Spring Lawn Care Tips

spring lawn care tipsIf you own a home, chances are you have a lawn, even if it’s just a small patch. Some time spent paying attention to spring lawn care will pay off later during the summer months.

Spring lawn preparation tasks can be dependent on which type of grass is planted. In the Washington D.C. metro area, the logical choices are tall fescue, Kentucky bluegrass, fine leaf fescues, and perennial rye grass.

These are what is known as “cool season grasses”, which means they hold up through cold winters. Getting this type of grass in shape to withstand the heat of summer should be your primary goal during the spring.

For the best results, follow these tips to get started:

  • Wait until things dry out. Working on soggy soil can compact it or damage tender sprouting grass.
  • Clean up remaining debris, as pest and disease may still be lurking. Pick up rocks, twigs and branches.
  • Rake vigorously with a wide plastic rake to dethatch. Thatch is matted dead grass that is trapped between live blades.
  • Rent an aerator if the lawn is particularly thatched or compacted.
  • Cut out any dead patches, reseed and then rake topsoil into those areas. Your garden center or hardware store can recommend the best type of seed mix for this purpose.
  • Order a soil test.
  • Then fertilize following the soil test recommendations for any needed amendments. If areas were reseeded, apply a starter weed and feed product. Keep the new seed moist but not soggy.
  • Mow. Keeping grass mowed foils ticks, which stand on grass blades hoping to hitch a ride. Wait a few weeks if you planted new seed.
  • Wait until the fall for overseeding of entire cool season grass lawns.

Problem Areas

Brown patches caused by use of winter salt should be thoroughly rinsed with a hose and water. Matted gray or pink circular patches were most likely caused by snow mold. This cold weather fungus is caused by a heavy blanket of snow smothering the grass. To repair, gently rake the matted grass to loosen it and let it dry to encourage growth. Reseed and/or aerate if necessary.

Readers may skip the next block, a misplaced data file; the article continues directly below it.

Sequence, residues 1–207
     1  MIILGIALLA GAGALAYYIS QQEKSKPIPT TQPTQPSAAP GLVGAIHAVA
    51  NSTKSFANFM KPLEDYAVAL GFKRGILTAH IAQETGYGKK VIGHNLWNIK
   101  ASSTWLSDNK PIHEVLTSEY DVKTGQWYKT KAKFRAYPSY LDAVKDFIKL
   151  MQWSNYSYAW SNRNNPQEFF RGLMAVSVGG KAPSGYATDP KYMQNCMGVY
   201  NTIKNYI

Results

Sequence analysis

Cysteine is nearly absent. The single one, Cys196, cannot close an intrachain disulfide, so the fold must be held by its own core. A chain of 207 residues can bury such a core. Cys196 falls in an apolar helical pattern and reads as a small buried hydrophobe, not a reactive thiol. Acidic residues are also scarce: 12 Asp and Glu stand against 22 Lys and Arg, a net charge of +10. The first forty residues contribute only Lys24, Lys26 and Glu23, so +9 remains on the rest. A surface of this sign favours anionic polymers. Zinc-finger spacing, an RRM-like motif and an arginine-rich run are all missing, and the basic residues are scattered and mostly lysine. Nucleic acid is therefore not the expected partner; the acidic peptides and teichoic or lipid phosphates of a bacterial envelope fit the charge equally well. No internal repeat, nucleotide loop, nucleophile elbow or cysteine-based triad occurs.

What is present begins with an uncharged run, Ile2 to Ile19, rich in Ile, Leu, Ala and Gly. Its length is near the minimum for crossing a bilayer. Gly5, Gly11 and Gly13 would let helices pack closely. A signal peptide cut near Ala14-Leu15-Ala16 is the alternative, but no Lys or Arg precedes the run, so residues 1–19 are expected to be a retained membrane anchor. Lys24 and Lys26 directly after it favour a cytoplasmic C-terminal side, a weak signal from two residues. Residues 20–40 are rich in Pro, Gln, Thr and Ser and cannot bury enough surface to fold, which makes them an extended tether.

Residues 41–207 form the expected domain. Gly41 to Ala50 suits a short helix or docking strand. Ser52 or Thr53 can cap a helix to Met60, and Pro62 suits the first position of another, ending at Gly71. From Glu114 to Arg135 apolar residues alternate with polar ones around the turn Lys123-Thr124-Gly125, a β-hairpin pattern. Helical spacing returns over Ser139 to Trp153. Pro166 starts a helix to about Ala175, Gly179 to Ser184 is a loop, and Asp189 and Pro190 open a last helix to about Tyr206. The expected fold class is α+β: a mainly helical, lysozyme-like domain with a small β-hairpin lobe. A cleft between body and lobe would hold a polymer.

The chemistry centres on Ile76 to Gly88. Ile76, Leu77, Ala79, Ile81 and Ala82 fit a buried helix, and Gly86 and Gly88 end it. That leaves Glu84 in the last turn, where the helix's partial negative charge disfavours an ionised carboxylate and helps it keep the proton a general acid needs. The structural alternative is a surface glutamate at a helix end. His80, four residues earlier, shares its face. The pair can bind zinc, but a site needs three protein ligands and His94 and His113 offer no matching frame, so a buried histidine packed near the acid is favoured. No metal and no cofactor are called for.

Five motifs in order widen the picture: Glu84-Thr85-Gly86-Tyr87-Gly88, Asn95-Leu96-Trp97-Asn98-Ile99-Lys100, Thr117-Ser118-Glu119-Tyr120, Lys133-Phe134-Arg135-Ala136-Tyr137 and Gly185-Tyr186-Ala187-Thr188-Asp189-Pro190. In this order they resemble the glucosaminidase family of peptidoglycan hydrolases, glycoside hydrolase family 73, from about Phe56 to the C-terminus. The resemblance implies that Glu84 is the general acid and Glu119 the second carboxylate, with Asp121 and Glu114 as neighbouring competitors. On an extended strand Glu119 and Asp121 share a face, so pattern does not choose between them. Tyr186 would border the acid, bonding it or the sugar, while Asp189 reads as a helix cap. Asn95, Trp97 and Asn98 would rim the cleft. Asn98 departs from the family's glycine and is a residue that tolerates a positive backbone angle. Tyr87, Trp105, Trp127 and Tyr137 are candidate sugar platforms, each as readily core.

There is no cure for snow mold, so prevention is a better solution. In the fall, clean debris, mow before the first snow and apply a preventative fungicide in problem areas.

Lawn is a four-letter word

If your idea of a great weekend does not involve cutting, watering or fertilizing a lawn, below are some grass alternatives. This approach works better for smaller yards.

  • Pachysandra (Pachysandra terminalis) - This member of the boxwood family will grow and bloom under trees in deep shade.
  • Liriope (Liriope muscari variegata) - Choose a variegated variety of this tough, easy care grass and avoid a hostile takeover.
  • Algerian Ivy (Hedera canariensis) - This evergreen is easy to establish and is a better choice than its English cousin.
  • Shore Juniper (Juniperus conferta) -  This native to Japan creates a dense mat but is slow growing.
  • Wildflower Patch - In sunnier locations, this choice provides food and nectar sources for butterflies and pollinators.
  • Mulch - While this lawn alternative is less interesting than others, its neutral color can highlight bedding plants and flowers.
  • Artificial Turf - The latest offerings are made from polyethylene sustainably sourced from sugarcane and cost from $10 to $20 per square foot.
 
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